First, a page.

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Masters of International Animation
Jazz and Abstraction in Beat-Era Film

The iotaCenter, a Los Angeles-based organization for the preservation and promotion of abstract film, has produced this two-part series celebrating the often neglected work of the San Francisco Beat filmmakers. At the center of this movement was Hy Hirsh (1911–1961), a significant presence in avant-garde filmmaking of the 1950s who is little remembered today. Working as a cinematographer and still photographer in Hollywood during the 1930s, Hirsh pioneered the use of oscilloscope patterns as a source for abstract figures, which he then colored and multiplied with his own hand-built optical printer. His scores were often a mixture of street sounds and experimental jazz he recorded himself. Mentor to a generation of experimental makers, he taught filmmaking and loaned equipment to young artists, including James Broughton, Sidney Peterson, Jordan Belson, and Harry Smith. All of Hirsh’s films were impounded by the French police after his death in Paris. Many of the originals were lost, and most of the films have been unavailable for decades. 

December 4 (Tuesday) 9:15 pm

Hy Hirsh and the Beat Era

This opening program contains six rare works by Hy Hirsh that have recently been restored by the National Film Preservation Foundation and the Academy Film Archive. It also features other key abstract works from the 1950s directly influenced by Hirsh, five of which underwent preservation work especially for this program: John Whitney’s Catalog, James Whitney’s Yantra, Harry Smith’s Film No. 3, Patricia Marx’s Things to Come, and Mary Ellen Bute’s Mood Contrasts.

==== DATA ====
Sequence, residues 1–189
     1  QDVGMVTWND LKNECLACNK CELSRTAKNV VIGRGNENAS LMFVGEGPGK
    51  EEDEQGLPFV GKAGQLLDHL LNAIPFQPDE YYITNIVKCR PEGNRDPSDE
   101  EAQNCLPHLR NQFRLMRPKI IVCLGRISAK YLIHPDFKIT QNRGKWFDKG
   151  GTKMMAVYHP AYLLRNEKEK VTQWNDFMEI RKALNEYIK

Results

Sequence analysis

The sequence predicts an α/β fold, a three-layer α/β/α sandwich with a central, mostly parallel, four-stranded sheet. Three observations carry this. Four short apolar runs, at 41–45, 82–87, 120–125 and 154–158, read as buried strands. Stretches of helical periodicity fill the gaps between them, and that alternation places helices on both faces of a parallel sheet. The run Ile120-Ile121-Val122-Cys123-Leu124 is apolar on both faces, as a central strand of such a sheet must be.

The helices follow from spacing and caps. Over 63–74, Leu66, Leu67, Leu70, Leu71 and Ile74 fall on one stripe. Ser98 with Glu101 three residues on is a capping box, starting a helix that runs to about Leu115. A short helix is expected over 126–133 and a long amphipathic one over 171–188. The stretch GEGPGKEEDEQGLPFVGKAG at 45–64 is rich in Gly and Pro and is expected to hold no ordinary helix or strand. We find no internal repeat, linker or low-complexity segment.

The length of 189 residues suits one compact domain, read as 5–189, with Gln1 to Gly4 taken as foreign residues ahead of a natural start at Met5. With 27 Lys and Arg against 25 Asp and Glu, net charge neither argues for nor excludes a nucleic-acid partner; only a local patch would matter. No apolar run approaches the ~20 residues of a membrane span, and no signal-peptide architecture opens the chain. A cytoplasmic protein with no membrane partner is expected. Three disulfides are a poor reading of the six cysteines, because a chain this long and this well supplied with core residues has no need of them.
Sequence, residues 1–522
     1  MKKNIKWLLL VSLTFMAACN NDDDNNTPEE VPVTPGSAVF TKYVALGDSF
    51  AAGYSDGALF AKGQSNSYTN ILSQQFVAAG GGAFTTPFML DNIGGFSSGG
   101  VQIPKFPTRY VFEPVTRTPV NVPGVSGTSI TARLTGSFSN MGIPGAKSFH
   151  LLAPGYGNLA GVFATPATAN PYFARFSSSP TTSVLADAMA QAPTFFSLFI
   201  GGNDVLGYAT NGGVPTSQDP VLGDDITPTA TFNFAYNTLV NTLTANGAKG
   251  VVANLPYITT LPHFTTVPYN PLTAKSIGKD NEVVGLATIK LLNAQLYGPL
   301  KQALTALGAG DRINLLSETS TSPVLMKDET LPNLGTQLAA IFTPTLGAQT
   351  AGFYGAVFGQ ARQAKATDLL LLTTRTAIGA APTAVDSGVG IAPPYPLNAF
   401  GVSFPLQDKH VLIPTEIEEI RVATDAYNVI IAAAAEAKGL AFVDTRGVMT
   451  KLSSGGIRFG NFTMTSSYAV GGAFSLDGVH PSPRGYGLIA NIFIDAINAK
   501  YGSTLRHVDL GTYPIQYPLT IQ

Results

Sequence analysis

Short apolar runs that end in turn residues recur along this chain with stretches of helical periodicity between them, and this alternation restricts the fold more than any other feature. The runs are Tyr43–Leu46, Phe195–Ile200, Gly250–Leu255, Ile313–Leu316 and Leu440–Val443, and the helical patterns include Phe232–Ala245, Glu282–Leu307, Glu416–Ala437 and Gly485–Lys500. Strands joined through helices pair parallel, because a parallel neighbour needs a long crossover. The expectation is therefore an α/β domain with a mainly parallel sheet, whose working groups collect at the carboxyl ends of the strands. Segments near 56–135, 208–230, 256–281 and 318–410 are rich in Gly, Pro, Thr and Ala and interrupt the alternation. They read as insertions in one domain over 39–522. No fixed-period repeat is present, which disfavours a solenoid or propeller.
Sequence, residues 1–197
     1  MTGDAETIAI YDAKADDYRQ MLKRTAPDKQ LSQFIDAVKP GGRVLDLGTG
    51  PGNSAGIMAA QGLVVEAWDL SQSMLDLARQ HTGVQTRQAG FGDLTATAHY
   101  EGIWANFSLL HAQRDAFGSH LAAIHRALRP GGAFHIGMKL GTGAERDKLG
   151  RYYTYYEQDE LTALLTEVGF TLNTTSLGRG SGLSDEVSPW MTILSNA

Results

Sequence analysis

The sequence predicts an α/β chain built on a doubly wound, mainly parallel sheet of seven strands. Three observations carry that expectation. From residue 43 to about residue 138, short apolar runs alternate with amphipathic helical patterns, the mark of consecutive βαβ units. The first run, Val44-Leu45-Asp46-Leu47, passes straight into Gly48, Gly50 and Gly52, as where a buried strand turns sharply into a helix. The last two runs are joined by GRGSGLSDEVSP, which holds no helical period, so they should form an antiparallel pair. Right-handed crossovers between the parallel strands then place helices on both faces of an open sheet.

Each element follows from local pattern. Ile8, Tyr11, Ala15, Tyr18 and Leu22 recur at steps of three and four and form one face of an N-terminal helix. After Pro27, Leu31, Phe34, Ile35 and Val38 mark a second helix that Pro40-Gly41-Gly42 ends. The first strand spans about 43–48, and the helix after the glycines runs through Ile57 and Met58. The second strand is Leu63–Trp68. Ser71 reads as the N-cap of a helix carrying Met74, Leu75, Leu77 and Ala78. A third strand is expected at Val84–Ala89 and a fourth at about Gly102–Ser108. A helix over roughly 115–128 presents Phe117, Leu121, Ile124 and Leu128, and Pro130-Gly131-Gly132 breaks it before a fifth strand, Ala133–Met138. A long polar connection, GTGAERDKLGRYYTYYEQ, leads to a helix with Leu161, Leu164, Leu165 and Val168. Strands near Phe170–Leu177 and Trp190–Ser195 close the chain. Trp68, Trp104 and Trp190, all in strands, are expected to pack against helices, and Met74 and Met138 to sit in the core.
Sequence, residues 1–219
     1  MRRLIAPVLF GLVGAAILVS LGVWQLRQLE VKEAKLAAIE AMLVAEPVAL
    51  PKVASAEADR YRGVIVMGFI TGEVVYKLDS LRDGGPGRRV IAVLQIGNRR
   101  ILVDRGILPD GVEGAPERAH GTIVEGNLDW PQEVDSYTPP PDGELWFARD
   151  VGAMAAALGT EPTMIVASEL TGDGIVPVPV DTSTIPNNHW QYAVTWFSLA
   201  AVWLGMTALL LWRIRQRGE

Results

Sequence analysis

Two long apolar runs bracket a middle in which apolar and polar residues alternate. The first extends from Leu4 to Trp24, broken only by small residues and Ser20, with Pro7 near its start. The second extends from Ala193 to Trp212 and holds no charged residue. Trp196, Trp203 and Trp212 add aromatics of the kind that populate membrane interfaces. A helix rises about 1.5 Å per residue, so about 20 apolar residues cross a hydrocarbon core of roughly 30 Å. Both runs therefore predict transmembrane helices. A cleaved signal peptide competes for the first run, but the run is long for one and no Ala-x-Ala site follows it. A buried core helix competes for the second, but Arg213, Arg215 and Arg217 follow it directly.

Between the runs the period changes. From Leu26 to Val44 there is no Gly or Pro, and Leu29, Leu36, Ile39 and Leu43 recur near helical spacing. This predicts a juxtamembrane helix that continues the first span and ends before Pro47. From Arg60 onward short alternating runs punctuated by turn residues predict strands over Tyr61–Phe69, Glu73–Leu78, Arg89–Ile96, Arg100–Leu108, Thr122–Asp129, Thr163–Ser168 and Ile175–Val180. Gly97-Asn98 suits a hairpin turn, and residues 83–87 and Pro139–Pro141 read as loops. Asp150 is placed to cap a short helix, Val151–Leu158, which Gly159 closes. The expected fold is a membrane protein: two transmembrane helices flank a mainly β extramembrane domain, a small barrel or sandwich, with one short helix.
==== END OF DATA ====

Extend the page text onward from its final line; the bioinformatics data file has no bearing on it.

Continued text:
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December 5 (Wednesday) 9:15 pm

Jordan Belson and Contemporary Abstraction

Hirsh’s legacy is revealed in this second installment of films, which focuses largely on California visionary Jordan Belson. Under Hirsh’s tutelage, Belson made a series of extraordinary films that attempt to preserve painterly values, using long scrolls of paper in which hundreds of sequential images are painted. In addition to his early films from the 1950s, Mandala and Caravan, we present the premiere of Belson’s newest work, Bardo. 

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